“It had this serene beauty that you wouldn’t get to experience everywhere.”

Englund was one of about 60 people, including scientists, cooks and mechanics, working at WAIS Divide in the 2007-08 field season. The camp operates for only a few months, during the Antarctic summer. Researchers will return each of the next three years to continue their work.

On-site in Antarctica, men and women worked round-the-clock in the 24-hour daylight, recovering and packing sections of the ice core in plastic sleeves. Scientists sent the frozen samples by plane to McMurdo, a research station on the Antarctic coast. From there, the cores traveled by ship to California and by truck to the National Ice Core Laboratory in Denver.

At the Antarctic camp, life was busy. But in free moments team members swapped stories, played cribbage and went cross-country skiing. Each person slept in a personal tent. The temperatures were often in the single digits.

Sundays were the only days off, so on Saturday evenings, people dug into their private liquor stashes — one of the only necessities not paid for with federal money.

“We get beer, we get wine, we get hard alcohol,” Taylor said. “We bring that down there. People are usually really good about that.”

Englund, who was married in September, said although she missed her husband while overseas, she would love to spend another season in Antarctica.

“You just learn from all the people,” she said. “It’s a different kind of person that ends up down there, people who are willing to brave difficult conditions just to be in a remote corner of the Earth, people who aren’t daunted by standing around in freezing-cold temperatures just to get data that’s going to help them solve problems.”


The main photograph on a Web page dedicated to public outreach for the WAIS Divide project shows yellow-orange tents scattered across a snow-covered expanse. The ground and sky, both a pale, icy blue, seem to blend together.

Taylor describes the area around the camp as “a vast, frozen ocean, with nothing on the horizon in any direction at all.”

But the information that lies beneath the surface of this seemingly sparse world could change the way we think about our planet.

Summer and winter snows in Antarctica contain different amounts of sea salt and dust. By measuring variations, scientists can identify the difference between layers of summer and winter snows, and thus the difference between snow that fell in different years.

That knowledge will help project scientists establish a year-by-year record of Antarctic temperatures for the past 40 millenniums. They’ll also be able to determine global greenhouse gas levels for blocks of time 20-40 years in length.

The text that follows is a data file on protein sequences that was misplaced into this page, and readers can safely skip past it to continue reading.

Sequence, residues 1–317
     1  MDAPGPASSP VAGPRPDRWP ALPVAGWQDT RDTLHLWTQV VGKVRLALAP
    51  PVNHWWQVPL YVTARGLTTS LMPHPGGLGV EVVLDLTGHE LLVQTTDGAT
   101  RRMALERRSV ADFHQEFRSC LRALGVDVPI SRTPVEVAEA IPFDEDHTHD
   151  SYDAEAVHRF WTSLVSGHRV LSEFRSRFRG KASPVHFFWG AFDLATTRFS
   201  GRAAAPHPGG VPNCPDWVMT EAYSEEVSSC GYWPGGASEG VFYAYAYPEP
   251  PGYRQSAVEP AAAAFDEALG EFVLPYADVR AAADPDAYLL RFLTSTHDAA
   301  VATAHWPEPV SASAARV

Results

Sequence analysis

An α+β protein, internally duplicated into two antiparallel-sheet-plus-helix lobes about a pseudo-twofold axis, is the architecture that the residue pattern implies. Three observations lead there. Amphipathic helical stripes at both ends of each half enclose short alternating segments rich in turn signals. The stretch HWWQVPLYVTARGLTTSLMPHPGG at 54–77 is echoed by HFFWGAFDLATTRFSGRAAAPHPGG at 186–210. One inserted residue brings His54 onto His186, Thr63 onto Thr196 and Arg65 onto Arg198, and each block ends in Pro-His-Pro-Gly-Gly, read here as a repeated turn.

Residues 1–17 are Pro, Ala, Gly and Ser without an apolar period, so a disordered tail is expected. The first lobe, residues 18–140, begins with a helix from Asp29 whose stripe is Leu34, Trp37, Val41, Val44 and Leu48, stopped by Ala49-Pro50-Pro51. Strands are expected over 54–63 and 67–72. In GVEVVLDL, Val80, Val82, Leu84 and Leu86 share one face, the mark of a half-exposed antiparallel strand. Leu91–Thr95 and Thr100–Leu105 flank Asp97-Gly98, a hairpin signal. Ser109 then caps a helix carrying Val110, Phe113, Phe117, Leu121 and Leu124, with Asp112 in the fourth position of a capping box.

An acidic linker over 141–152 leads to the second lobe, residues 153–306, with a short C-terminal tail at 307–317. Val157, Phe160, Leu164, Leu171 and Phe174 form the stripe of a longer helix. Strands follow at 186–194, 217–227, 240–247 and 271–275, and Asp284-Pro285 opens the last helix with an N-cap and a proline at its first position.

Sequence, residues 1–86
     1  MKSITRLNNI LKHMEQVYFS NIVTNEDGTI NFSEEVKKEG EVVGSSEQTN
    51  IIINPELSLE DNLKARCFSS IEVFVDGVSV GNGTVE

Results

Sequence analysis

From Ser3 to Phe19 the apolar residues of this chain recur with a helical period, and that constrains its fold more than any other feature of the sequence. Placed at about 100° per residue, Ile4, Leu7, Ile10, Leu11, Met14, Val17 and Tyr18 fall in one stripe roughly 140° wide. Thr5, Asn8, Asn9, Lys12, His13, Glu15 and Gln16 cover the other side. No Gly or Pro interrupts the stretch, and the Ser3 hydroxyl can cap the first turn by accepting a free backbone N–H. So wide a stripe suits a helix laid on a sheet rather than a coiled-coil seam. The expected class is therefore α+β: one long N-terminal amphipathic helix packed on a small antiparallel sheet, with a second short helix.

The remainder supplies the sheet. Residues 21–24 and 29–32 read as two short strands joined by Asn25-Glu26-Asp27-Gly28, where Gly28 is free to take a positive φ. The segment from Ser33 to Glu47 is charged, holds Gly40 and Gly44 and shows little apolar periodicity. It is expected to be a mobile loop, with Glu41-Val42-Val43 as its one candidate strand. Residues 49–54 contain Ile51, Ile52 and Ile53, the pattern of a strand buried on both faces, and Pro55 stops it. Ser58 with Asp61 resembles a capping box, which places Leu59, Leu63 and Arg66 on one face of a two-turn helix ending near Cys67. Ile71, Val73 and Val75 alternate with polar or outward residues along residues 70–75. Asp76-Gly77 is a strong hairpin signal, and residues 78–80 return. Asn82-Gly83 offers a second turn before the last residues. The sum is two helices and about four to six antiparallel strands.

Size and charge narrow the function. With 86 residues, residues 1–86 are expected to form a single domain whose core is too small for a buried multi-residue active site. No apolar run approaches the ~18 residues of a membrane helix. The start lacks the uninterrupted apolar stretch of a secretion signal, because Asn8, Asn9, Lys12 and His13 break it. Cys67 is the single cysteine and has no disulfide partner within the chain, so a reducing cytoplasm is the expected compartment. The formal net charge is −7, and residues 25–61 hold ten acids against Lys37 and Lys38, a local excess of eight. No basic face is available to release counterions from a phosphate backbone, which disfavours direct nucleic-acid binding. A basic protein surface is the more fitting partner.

Drawing meaningful conclusions from the research will require close collaboration between scientists across the country.

A Desert Research Institute lab in Reno will measure the amount of dust in the ice core. White’s lab in Colorado will measure isotopes of hydrogen and oxygen in the ice. A lab in Oregon will measure levels of carbon dioxide and other gases.

Taken together, their work and that of other laboratories will provide a clearer picture of the Earth’s environmental history than we have today. Information from the team, which will continue publishing findings through 2014, could be used to improve computer models that predict how human activity will alter our surroundings.

“It’s exciting to work on a topic that is really relevant to society,” Taylor said.

Tanya Zastrow, who did weather observations for incoming planes during the camp’s inaugural season, said she, too, was proud to contribute to the science. Every cook, carpenter and pilot who helped was integral to the enterprise’s success, and Zastrow viewed her job, however small, as part of “a larger project.”

Journeying to Antarctica, a place so inhospitable to humanity, is a reminder of how powerful the forces of nature are, Taylor said.

The continent holds about 90 percent of the ice on Earth, and even if a small proportion of that melts, sea levels could rise enough to drown whole cities.

Since researchers began discussing WAIS Divide, human society has undergone dramatic changes. Wars began and ended. New countries came into being. The world’s estimated population rose from about 5.3 billion to about 6.7 billion.

With so much at stake, it’s critical that people have access to more information about the planet on which they live, White said.

Although he’s proud of what WAIS Divide scientists are accomplishing, “I would very much like to see us find a way that we could be doing this in a more timely fashion,” he said. “I think this kind of information we produce has enormous societal relevance.

“The information that we produce,” he said, “we need it faster than every 10 years.”